profession, so you and I have ours clearly set before us,namely, to follow the example of our Saviour CHRIST,and to be made like unto Him, the Incarnate GOD, ourKing, Who alone has the right to command our loyaltyand our allegiance.Yes ! " Because He laid 1 down His life for us, weought to lay down our lives for the brethren." TheGreek words are the same in both cases. You see whatis meant ? We talk of giving up our life to a pursuit ;we talk of being devoted to some one, and so forth.What do we mean ? We mean that state of mind inwhich we are so possessed by affection for a person, bydevotion to a country, by interest in any pursuit, that wegive up ourselves absolutely to it, losing all thought of THE GOOD SHEPHERD 159ourselves, and (so to speak) living only for that personor object to which we are devoted.This laying down of the life, this devotion of ourselves to any object or person, is the special means, evenin earthly matters, by which knowledge is acquired andinfluence gained over our fellow-men. For instance,there are many who have given up their lives to society ;and just as we admire a perfect statue, so there is something to admire in their career the early training, theweary nights, the struggling to enter into one houseafter another, the perpetual watching, and the instinctiveknowledge gained at last of the right thing to do on alloccasions. This is a low illustration, but a true one, of the power that results from absolutely giving ourselvesup to anything. I confess that to my own mind it doesnot appear a very noble ambition, for the man createdin the image of GOD. I am afraid that, in the landbeyond the grave, the most perfect manners may appearsomewhat awkward, amid the glorious company of theangels. In the awful sarcasm of the New Testament," they have their reward." GOD gives it, or allows it tocome to them, according to natural laws. They knowsociety because they devoted their life to it.Then rising higher, call to your mind that man whostood out, some years ago, as a light to the young menof London who, though with every earthly advantage,settled himself down in his lonely lodging, in order that,by living amongst the people he might gain a real knowledge of them that he might learn their way of thinking,the way in which they looked at our social problems, andregarded the varied difficulties by which every life isbeset. Remember the power that that man has gained,how he entered into the very heart of those working-men, and was able to speak of them, not as the massof so-called representatives of the working class like to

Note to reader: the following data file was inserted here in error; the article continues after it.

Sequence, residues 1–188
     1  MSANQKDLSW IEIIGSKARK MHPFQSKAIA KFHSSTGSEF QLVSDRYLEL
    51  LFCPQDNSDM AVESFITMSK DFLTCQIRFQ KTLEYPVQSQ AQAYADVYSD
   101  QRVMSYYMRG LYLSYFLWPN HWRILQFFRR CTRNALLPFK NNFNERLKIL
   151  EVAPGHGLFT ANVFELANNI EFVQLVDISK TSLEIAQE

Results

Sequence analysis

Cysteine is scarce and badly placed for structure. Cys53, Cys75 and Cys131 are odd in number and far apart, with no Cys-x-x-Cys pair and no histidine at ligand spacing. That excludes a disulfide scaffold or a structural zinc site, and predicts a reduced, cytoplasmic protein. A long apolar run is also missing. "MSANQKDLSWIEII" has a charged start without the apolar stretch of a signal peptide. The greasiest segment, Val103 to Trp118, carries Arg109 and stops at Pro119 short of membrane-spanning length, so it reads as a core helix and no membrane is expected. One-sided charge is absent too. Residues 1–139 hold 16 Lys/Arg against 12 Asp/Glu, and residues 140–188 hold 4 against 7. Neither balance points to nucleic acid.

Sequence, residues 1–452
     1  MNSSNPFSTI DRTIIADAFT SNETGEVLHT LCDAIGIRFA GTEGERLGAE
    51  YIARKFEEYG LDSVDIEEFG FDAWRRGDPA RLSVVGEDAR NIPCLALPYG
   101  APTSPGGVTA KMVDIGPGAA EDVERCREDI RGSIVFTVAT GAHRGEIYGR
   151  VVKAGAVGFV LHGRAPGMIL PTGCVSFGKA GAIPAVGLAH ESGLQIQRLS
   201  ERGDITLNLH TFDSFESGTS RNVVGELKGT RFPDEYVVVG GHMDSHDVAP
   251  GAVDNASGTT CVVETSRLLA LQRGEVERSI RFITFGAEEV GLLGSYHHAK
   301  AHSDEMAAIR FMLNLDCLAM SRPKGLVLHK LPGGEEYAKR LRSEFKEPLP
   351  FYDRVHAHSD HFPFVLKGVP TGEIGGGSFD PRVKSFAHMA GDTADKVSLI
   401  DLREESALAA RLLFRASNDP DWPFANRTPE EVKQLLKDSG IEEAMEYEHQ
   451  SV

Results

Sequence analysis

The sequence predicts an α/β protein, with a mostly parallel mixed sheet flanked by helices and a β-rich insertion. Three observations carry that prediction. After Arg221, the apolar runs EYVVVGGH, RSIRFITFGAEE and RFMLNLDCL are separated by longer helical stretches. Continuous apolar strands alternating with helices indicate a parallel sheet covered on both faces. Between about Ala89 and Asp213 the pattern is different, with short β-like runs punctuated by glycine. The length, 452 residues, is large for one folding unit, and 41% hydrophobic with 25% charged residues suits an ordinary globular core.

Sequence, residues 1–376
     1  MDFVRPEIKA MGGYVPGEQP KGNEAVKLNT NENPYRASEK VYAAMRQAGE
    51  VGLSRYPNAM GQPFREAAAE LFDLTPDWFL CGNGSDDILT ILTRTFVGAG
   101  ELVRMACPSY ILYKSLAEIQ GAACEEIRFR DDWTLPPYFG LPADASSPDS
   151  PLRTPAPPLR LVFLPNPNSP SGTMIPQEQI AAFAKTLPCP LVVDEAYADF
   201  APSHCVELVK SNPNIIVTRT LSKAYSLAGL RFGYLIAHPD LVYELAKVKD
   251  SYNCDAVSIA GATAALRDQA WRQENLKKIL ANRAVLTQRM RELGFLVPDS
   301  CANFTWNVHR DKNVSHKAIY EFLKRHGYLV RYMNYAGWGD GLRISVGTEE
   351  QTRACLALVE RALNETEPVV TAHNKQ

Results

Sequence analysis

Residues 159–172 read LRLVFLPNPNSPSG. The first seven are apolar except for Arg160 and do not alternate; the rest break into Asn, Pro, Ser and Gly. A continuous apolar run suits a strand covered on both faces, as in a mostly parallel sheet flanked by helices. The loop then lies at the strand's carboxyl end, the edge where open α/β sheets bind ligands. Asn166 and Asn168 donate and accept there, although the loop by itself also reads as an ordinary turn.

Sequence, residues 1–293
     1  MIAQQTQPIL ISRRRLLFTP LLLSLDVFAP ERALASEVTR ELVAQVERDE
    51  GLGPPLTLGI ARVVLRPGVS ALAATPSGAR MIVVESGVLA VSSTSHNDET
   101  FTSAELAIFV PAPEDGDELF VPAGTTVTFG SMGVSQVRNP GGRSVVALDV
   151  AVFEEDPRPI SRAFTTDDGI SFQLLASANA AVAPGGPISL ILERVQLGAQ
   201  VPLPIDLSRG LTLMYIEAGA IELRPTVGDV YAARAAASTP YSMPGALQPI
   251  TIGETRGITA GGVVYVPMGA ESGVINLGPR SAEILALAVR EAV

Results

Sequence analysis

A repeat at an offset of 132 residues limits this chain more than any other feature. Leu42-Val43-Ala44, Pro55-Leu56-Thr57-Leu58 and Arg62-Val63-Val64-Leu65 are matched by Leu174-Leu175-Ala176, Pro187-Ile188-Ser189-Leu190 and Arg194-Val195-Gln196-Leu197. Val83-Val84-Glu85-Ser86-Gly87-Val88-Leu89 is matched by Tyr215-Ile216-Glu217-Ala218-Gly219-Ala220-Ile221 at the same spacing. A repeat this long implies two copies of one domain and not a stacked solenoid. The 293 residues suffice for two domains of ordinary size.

160 THE MESSAGE OF TARDONspeak, in absolute ignorance of them except so far aswhat they may have gathered from some highly-colourednewspaper ! He knew them, because he had givenhimself up to them ; because he had died to London,died to society, died even to political life, that he mightenter into the heart of those men who had been, likehimself, created in the image of GOD, and baptized intothe Body of CHRIST.If you go through the entire range of workers,whether religious or secular, you will always find thatthe secret of real knowledge, as to the needs of anyclass, is devotion to that class.Here, then, we find the answer to our question,How did CHRIST gain the knowledge of His sheep ?By laying down His life for them day by day. Are ourhearts still so hard that they are not softened when wehear the King of kings and LORD of lords, not resting inthe quiet of heaven, not remaining with the FATHER andwith all the holy angels, but coming down to earth, tosave us : to save the man if such a one should havestrayed into the church to-day who hardly ever prays,and always turns his back on Holy Communion ? Haveyou no hearts left ? Even if you are conscious of nodeeper feeling, have you no response of enthusiasticadmiration, at any rate, for a GOD thus dying, hour byhour, and day by day, that He might win the confidenceof a degraded humanity, and redeem it from the powerof the world and the flesh and the devil ?If you take up the New Testament, you will see thislove of JESUS CHRIST everywhere manifested. You findHim, for example, risking even His own reputation.Not that I recommend this ; many a man, with a sortof Quixotic desire to do good, has imperilled that whichhe had no right to endanger. But CHRIST, in thegrandeur of His self-sacrifice, risked His reputation,THE GOOD SHEPHE ( RT&gt; 161dared to be called the "gluttonous" man and the "wine-bibber " ; was not ashamed to be called the " friend of publicans and sinners " ; touching, speaking to, sittingdown at the table with, and listening to the ordinaryconversation of men whom the Pharisee would not havetouched with the very hem of his garment. And whywas all this ? It was that He might gain a knowledgeof them, as Man ; that He might be able to know whatthey felt, what were the burdens pressing on them, thesorrows by which their hearts were crushed. " Thisman receiveth sinners, and eateth with them." Blessed